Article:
And those are called blessed who make the effort to remain open-hearted. Who seek to cleanse their hearts of all self-righteousness, obstinacy, presumption, inclination to “know better.” Who are quick to hear, humble, free-spirited. Who are able to find God’s message in the gospel for the day, or even from the sermons of preachers with no message in particular, or in phrases from the Law they have heard a thousand times, phrases with no quality of charismatic power about them, or in the happenings of everyday life which always end up the same way: work and rest, anxiety–and then again some kind of success, some joy, an encounter, and a sorrow.

Blessed are those who can see the Lord in all these things!

Seeing God in the ordinary, the mundane, the grading, the here and the now, takes presence.

Lord Jesus Christ, as you were and are present for us this terrible and magnificent Good Friday, so in you may I be present now and not distracted.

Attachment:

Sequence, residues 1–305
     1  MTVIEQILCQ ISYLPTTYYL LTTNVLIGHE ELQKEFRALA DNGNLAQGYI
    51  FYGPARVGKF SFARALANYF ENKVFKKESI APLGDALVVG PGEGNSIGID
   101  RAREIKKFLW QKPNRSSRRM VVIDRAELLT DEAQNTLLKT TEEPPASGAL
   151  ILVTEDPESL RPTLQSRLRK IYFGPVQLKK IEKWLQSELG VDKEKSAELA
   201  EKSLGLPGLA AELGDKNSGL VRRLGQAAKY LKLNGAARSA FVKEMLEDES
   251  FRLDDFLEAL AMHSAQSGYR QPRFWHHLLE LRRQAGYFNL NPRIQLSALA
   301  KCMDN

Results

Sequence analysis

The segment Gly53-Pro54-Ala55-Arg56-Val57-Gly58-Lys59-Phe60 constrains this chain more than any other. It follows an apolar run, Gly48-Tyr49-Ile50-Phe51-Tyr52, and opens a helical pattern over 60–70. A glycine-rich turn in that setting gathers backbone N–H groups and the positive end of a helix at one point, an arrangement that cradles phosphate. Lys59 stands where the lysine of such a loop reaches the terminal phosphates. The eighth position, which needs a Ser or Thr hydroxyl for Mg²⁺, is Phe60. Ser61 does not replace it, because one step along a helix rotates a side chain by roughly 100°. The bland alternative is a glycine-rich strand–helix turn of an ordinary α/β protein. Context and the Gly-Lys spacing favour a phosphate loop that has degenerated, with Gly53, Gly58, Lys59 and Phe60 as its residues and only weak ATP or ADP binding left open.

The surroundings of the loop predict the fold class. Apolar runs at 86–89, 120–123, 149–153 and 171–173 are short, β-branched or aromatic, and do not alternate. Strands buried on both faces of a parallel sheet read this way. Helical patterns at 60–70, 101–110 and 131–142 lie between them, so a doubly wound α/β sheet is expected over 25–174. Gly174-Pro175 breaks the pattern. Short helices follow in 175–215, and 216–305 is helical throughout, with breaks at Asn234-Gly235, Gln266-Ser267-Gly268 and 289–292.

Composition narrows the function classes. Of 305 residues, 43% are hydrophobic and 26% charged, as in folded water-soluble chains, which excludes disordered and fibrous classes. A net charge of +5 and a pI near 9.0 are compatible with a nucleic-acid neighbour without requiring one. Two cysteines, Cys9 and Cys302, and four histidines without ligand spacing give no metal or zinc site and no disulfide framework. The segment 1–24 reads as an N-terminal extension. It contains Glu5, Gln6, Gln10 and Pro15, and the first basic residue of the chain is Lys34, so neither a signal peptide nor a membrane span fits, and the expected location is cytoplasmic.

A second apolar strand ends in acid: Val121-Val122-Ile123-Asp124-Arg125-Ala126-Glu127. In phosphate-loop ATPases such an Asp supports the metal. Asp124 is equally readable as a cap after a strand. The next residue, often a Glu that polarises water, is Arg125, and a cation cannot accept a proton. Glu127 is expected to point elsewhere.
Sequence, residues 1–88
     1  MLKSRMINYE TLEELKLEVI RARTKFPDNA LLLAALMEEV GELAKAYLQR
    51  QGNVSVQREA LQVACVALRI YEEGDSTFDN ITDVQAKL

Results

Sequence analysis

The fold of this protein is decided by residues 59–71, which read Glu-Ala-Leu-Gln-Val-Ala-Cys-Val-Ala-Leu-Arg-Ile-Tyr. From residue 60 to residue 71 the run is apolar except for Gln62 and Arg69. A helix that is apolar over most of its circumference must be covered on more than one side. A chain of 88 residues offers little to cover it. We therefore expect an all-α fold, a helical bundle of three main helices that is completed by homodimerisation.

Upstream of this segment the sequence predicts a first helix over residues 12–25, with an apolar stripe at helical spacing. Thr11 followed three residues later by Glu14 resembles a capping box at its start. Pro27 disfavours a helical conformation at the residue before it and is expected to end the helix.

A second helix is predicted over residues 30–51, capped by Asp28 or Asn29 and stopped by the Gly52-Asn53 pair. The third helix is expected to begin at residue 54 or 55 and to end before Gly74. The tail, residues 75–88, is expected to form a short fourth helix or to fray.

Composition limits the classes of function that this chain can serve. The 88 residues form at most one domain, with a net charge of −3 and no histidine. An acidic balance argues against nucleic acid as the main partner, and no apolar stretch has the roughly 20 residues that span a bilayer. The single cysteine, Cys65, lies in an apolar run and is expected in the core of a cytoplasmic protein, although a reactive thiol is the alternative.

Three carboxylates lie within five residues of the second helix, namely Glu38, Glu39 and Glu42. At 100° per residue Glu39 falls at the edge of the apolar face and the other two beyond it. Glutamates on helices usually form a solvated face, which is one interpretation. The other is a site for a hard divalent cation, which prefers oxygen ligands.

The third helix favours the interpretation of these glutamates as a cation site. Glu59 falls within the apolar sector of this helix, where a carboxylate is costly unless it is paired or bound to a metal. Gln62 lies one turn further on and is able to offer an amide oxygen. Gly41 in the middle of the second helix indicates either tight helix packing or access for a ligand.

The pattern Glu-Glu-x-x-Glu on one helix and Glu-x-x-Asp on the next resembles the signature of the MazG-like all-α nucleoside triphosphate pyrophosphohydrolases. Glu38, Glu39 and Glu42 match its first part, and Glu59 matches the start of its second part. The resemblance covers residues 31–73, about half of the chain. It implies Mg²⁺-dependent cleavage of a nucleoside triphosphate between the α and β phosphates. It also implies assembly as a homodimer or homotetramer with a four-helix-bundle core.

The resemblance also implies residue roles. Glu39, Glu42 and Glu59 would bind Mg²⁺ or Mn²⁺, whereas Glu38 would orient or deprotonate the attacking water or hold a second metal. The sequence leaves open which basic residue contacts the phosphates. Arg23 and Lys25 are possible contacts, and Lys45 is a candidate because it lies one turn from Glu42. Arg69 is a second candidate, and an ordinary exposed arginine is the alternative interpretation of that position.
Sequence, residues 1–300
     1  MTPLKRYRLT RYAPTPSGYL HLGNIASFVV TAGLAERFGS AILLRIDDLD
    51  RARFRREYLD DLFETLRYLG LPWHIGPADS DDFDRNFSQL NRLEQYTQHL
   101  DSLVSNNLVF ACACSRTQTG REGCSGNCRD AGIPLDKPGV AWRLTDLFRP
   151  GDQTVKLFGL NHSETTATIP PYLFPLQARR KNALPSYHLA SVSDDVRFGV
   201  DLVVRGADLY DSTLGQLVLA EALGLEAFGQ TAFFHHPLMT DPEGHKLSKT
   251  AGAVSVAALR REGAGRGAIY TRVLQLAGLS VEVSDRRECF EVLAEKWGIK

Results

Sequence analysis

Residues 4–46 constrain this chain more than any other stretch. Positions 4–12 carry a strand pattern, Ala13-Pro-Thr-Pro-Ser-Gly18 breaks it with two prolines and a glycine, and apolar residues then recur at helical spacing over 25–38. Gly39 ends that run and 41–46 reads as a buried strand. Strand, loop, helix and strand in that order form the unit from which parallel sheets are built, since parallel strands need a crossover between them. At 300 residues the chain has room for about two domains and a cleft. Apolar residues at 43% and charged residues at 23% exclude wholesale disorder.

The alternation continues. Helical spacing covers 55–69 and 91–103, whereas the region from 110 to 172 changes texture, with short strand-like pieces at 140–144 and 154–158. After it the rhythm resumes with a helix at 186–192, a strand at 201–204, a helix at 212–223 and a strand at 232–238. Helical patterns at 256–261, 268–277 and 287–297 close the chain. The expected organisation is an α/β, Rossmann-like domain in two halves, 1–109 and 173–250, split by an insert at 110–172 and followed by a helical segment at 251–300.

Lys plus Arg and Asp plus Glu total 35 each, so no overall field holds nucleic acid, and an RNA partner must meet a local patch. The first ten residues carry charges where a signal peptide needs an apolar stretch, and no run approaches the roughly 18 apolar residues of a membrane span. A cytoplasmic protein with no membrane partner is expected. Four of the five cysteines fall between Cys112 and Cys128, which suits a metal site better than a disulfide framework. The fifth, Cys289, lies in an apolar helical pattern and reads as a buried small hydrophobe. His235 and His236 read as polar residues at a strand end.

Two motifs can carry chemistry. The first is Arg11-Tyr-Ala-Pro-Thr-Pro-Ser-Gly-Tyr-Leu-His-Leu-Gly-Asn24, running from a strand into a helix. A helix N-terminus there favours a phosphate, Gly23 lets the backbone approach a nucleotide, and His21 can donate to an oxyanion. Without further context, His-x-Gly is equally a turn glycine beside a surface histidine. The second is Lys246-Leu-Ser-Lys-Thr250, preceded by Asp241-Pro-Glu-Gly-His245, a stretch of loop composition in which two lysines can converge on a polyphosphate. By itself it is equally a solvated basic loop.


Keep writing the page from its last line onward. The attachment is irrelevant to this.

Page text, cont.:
Buffalo Bill Center of the West puts collections online

17 Apr

Yee  haw! The Buffalo Bill Center of the West–formerly the Buffalo Bill Historical Center–is announcing the debut of its Online Collections.

The announcement and the portal is here: The New Online Collections – Buffalo Bill Center of the West.

The collections are stunning in their scope and variety–Buffalo Bill Cody material, Western art, Plains Indian crafts, firearms, Yellowstone Basin environment. My wife and I got to explore them extensively in 2002-2003. Now they will be available digitally to a global audience.

Photographs, the Past, and Making Ends Meat

17 Apr

Our photographic history of Orange City is out and in town. Our project, although completed, has increased my interest in images of time and place. (Whether I will get involved with another photographic history, though, remains to be seen [pardon the pun]. For previous posts related to photography, click here.)

Apropos photographic history is a post by Barbara Orbach Natanson at the Library of Congress about some pictures of a meat boycott in the U.S. in 1910, such as this one:

Crowd gathered in front of butcher shop during meat riot, New York

Crowd gathered in front of a butcher shop during meat riot, New York. Library of Congress.

 

You can read the entire post, and view more photographs, here: Feast Your Eyes Not: A Meat Boycott | Picture This: Library of Congress Prints & Photos.

More than Hobby Lobby